A Private War
Crazy Rich Asians
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All Critics (11)
| Top Critics (1)
| Fresh (10)
| Rotten (1)
Long and a bit unwieldy, and self-consciously philosophical in parts, yes, but Hu's first (and sadly last) feature weaves together its narrative threads clearly and sturdily.
As remorselessly bleak as it is inexplicably transfixing as it looks at the state of relentless torment and unsuppressed rage exists between the age, gender and class divisions in the film's hopelessly fragmented community.
A well told yarn within a tightly synchronized day that changes the lives of a multitude.
The last shot [is], one of the most beautiful in recent cinema. [Full review in Spanish]
While the hypnotic pace of An Elephant Sitting Still hardly ever falters, the thinly stretched plotline leaves ample space for philosophical introspection, some of which, one suspects, gets lost in translation.
For a first-time director, the confidence and proficiency of Hu's cinematic expression astonishes.
Assembles its parts in such an assured and astute way that changing even one element seems unthinkable.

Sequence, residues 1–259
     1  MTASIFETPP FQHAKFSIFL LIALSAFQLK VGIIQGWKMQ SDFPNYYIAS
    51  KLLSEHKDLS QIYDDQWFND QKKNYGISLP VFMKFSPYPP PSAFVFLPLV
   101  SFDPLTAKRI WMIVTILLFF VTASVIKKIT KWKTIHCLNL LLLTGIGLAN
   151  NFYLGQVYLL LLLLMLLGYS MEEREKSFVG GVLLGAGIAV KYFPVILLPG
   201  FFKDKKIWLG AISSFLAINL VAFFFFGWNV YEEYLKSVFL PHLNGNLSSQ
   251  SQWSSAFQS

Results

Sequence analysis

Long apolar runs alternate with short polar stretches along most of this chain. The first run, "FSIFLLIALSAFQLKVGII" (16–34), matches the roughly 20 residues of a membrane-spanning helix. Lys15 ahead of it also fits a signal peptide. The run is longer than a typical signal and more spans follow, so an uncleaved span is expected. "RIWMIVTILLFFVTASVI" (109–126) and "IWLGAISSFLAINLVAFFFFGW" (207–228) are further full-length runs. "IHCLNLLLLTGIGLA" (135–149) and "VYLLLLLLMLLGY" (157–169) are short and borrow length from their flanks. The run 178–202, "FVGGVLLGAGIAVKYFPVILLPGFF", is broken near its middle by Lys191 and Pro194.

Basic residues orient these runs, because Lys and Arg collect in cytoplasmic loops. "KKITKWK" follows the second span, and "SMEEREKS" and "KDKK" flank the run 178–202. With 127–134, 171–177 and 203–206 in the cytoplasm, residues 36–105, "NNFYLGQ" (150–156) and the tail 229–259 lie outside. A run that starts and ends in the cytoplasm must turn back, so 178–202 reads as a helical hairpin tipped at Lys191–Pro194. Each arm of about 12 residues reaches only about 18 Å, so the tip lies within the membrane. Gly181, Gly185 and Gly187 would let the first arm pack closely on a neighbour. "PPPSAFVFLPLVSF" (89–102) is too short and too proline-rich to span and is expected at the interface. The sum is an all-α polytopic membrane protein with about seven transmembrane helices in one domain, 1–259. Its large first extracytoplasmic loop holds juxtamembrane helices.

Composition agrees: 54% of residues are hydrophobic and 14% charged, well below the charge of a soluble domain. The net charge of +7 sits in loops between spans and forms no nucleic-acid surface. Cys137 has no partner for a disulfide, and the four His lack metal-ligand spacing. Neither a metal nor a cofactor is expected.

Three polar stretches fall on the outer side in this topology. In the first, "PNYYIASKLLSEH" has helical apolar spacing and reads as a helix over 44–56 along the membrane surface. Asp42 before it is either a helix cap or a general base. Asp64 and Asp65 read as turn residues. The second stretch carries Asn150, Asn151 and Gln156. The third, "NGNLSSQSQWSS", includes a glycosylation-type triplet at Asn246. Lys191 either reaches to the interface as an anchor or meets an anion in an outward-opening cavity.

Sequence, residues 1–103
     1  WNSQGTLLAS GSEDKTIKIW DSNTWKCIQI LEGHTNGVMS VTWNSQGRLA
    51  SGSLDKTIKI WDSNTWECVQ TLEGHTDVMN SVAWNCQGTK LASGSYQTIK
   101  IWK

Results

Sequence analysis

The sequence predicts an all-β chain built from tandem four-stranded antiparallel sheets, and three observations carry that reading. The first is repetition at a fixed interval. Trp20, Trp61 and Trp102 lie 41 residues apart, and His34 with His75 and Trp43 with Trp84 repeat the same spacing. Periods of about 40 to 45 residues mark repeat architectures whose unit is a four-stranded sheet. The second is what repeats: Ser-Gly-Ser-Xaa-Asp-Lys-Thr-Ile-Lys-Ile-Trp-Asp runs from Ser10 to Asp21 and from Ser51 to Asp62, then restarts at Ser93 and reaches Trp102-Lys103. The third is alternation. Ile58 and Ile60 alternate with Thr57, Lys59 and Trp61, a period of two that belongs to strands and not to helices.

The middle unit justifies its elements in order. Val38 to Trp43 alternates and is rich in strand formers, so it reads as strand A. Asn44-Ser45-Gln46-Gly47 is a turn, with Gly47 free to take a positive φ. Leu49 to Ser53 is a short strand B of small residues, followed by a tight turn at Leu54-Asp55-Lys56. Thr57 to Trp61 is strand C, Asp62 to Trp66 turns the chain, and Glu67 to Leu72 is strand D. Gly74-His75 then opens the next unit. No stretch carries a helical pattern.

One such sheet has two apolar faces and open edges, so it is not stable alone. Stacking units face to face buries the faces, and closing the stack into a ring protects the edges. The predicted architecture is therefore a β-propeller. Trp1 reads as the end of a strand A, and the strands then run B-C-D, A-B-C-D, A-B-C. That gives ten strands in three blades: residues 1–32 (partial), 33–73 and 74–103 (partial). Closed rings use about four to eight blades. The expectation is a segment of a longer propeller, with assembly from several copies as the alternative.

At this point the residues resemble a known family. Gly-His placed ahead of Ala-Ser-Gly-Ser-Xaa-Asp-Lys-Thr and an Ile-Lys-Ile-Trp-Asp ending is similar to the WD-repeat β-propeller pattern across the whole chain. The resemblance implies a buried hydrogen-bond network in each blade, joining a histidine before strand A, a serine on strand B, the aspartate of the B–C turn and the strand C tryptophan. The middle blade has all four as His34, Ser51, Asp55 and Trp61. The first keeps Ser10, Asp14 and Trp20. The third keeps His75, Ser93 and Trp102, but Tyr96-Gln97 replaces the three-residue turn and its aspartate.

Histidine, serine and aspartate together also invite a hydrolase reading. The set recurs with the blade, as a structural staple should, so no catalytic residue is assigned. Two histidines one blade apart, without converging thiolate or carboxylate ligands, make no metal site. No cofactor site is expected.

This is a sprawling but strangely hardscrabble epic that has a very digital look. Nevertheless, Hu and cinematographer Fan Chao use the whole screen, capturing some strikingly scarred urban vistas and playing games with depth of focus for effect.
Unrelenting as its tone may be, the feature proves a delicately layered, deftly shot work that makes an incisive statement about the prevalence of apathy, arrogance and egotism in contemporary China and beyond.
The film's images extricate beauty from the most dismal of situations and together with his actors, Hu manages to evoke emotions so deeply felt and overwhelming that they compensate for any narrative contrivances.
The four hours of An Elephant Sitting Still fly by before culminating in a rigorously powerful final stretch that sneaks up on you; by the end, you feel both emotionally and physically exhausted.
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